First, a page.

ART & EXHIBITIONS LIS'I'
I Art is listed by city first then byvenue. running in alphabetical order. Please send details to Alice Bain not later than todays before publication date.
I ANNAN GALLERY I30 West Campbell Street. 22l 50S7 S. Mon- I-‘ri9ani-5pm: Sat9.30ani 12.30pm. 'I’raditioiial prints by Scottiin artists. Next exhibition will be in July. I ART GALLERY 8t MUSEUM. KELVINGROVE 3573929. Mon Sat l0am—5pm;Sun
1» 5pm. Cafe. [l)| \‘oluntary guidesare available tree of charge to conduct parties or individuals round tlte main galleries. Contact the enquiry desk. Horatio McCulloch (1805—1867) Limit 26 June. .‘yIcCulloeh and Landseer wetit a loiig way towards shaping the popular Victorian view oftlie l Iighlands asa desolate place full of swirling mists arid intrepid stags. The image persisted throughout the 19th century since both were very stteeesstul. much patroiiised and much imitated. A very accomplished painter if a little twer-sentimental for Contemporary taste. Landscapes 'l‘hroughout June. Contemporaries and predecessors of McCulloch tl'tit‘fl the permanent collection including recent acquisitions. Glasgow‘s Great Exhibitions t'ntil late Jttne. Iltc Glasgow ( iarden Festival is the fifth ofGlasgow‘sGreat Iixhibitonsand thoseot ISSS. 1901. I91 I and 1938 are all remembered here. A useful. illustrated book on the same theme has been published recently by White ( 'oekade Publishing(£10.95) with cotitribtitionsby the exhibitions organiser. Neil Baxter. The exhibition will move to Iiditiburgh during the Festival in August.
Prints from the Visual Studio tiniii 30.lune. Prints by students of the Visual Arts Studio.
Sun Gardens 10Jutie 20Jtily. lt'sliardto find art exhibition in Glasgow at the moment that isn't about gardens. gardening or horticulture. This shows original illustrations of seaweeds by Anna Atkins (born 1799) an early piotieerof photography.
Flowers and Gardens lllltt .luncA-Scptettiber. More horticultural tlowerings -- thistiriie works on paper and oils from the permanent collection.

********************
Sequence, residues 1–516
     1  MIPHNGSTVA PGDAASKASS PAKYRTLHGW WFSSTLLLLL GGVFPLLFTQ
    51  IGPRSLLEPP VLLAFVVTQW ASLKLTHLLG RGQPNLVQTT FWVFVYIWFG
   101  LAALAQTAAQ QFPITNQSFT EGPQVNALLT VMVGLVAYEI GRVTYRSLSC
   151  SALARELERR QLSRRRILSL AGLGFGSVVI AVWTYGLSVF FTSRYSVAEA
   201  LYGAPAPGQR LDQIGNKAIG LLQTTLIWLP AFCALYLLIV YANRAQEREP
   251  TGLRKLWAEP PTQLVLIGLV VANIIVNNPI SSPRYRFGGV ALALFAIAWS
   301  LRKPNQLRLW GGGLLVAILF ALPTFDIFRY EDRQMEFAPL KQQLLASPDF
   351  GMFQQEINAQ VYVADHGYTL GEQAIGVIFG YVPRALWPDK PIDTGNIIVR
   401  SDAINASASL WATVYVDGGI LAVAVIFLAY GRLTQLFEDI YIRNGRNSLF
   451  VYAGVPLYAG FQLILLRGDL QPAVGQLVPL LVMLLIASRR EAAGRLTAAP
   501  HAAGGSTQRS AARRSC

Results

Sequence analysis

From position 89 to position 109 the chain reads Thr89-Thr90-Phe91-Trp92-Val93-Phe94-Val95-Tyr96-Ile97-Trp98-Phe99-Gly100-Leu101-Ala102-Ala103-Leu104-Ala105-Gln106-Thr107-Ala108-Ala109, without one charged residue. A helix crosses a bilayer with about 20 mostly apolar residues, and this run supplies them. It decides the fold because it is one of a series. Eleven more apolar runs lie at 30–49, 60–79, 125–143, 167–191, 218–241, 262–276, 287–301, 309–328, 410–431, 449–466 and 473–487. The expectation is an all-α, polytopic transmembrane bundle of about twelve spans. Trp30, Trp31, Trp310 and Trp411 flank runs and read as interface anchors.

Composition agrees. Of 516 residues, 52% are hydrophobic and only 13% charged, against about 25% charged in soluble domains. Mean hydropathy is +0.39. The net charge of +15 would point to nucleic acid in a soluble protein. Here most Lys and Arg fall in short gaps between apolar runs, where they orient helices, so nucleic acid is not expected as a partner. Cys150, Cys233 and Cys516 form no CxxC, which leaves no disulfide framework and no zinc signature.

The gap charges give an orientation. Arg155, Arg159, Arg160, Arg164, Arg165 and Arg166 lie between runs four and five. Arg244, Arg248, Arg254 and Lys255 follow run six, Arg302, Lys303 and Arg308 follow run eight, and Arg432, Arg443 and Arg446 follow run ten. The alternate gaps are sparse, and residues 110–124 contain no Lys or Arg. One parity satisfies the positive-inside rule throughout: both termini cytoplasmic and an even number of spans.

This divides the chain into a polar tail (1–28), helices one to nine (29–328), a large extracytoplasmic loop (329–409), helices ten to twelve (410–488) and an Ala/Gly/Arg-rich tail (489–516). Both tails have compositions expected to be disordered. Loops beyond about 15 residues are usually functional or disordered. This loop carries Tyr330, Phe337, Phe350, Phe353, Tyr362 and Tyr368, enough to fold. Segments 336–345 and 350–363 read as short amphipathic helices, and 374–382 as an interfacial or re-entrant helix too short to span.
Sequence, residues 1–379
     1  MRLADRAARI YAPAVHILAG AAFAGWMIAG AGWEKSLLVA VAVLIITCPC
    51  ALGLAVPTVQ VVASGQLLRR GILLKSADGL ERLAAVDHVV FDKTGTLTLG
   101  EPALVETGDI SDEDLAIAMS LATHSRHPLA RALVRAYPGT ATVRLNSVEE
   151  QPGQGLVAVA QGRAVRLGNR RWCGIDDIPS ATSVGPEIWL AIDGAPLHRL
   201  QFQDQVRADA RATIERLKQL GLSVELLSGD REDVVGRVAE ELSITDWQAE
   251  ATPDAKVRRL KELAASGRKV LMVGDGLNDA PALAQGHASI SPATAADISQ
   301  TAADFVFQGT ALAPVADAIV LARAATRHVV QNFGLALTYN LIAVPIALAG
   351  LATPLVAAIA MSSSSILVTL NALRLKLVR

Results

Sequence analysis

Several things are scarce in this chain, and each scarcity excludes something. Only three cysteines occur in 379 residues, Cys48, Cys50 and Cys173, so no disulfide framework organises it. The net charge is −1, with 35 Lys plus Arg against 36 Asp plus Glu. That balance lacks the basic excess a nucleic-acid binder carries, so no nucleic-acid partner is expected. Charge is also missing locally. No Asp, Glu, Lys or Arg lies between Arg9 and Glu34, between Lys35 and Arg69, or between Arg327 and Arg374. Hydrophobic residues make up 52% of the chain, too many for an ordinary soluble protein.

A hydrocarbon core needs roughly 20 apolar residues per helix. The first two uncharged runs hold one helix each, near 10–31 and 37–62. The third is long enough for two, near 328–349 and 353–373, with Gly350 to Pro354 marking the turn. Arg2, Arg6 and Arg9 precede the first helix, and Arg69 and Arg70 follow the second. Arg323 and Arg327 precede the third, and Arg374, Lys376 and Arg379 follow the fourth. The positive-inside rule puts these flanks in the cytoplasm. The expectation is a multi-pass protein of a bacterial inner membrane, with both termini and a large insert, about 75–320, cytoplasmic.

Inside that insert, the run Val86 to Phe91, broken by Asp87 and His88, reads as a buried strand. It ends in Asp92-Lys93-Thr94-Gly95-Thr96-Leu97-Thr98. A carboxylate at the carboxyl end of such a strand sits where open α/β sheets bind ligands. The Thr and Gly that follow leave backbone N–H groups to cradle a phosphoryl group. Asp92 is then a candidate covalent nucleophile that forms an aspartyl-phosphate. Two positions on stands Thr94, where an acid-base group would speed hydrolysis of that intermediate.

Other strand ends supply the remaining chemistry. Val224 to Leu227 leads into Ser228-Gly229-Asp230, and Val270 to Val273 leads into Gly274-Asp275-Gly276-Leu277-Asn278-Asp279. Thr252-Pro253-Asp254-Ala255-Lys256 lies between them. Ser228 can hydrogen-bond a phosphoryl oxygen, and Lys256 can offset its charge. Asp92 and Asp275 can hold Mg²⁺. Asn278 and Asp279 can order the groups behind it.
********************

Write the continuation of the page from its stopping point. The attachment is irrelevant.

I BARCLAY LENNIE FINE ART 203 Bath Street. 226 5413. .\ioii- Fri 10am~5pm; Sat lllam— 1 pm.
Elspeth Harrigan ['ntil l 1 Jutie. An exhibition of flower paintings. EmestBurnett Hood L’ntit 1 1 June. A limited edition of new etchings ofGIasgow by Iirncst I Itmd.
Ivor Coburn itiJune~9July. Paintings.
I BLYTHSWOOO GALLERY tot West George Street. 220 5529. Mon—Fri
10am 5.30pm; Sat 10am lpiii.
Mixed Exhibition I'ittil end June. Glasgow School. Scottish Colourists and conteiiiporai'y artists.
I THE BURRELL COLLECTIONI’ollokshayys Road. M9 7151 . Mon-Sat 10am—5pm; Sun 2—5pm. Rest. [D]
Rarer Gifts than Gold L'ntil 26 June. A
42 The List to— 23 June 1988
religious impetus lay behind much of the beautiful and elaborate decorative art of the 14th century. Iixamples fromScottish collections. sortie never exhibited before. have been interestingly brought together for this exhibition by I Ionours students from the History of Art Department. I'niversity otGlasgow. Includes the very fragile .\Itirtlily Hourse manuscript. which is only on show for short periods oftitiie. Hanging Gardens of Central Asia I'ntil 28 September. 'I latiging gardens‘ here refers to the beautiful bedspreadsatid enibroideries woven in the 18th and 19th centuries and presumably used as wall hangings. The intricate floral designs continue the prevalent horticultural theme for the Garden Festival.
I COLLINS GALLERY University of Strathclyde. 22 Richmond Street. 552 4400ext 2682/2416. Mon—Fri 10am—5pm; Sat lZ—4pm.
A Hive ofActlvity Until 1 July. The start of the first National Touring Exhibition of work by the artists of WASPS (Workshop and Artist Studio Provision Scotland). Now ten years old. WASPS are the bright people who recognised artists need low-cost purpose units for fledglling art careers. To this end they converted a prison in Stirling. a jute mill iii Dundee and a railway station in Stonehaven. amongst other property. and now have nearly 300 artists and craftspeople working in studios all over Scotland. A programme ofactivities throughout the dates of the Garden Festival has been planned and for more information on this and other WASPS matters contact the administrator at 22 King Street. Glasgow 552 0564. See also WASPS Shop below. I COMPASS GALLERY 178 West Regent Street. 221 (i370. Mon—Sat “lam—5.30pm. Helen Wilson Until 25 June. Enigmatic. pensive pictures which seem to try and Confront some of the mystery of childhood.
I COOPER RAY RARE BOOKS 203 Bath Street. 226 3074.
Floral Engravings Throughout summer. An exhibition oforiginal hand-coloured floral engravings datitig from 1787.
I CYRIL GERBER FINE ART 148 West Regent Street. 221 3095. Mon—Fri 9.30am—5.30pm; Sat 9.30am—12.30pm. Festival Exhibition Throughout summer. 20th century artists includingJoan
A HIVE OF A TIVITY
Collins Gallery, Glasgow
The opening of their new shop (see W.A.S.P.S. Shop panel) has been quickly followed by the first national W.A.S.P.S. exhibition. For9 years Workshop and Artists Studio Provision Scotland Limited has helped artists by providing space. That is all behind closed doors. This exhibition, open to atltheirresidentsaroundthe country, now puts W.A.S.P.S. on a more public map.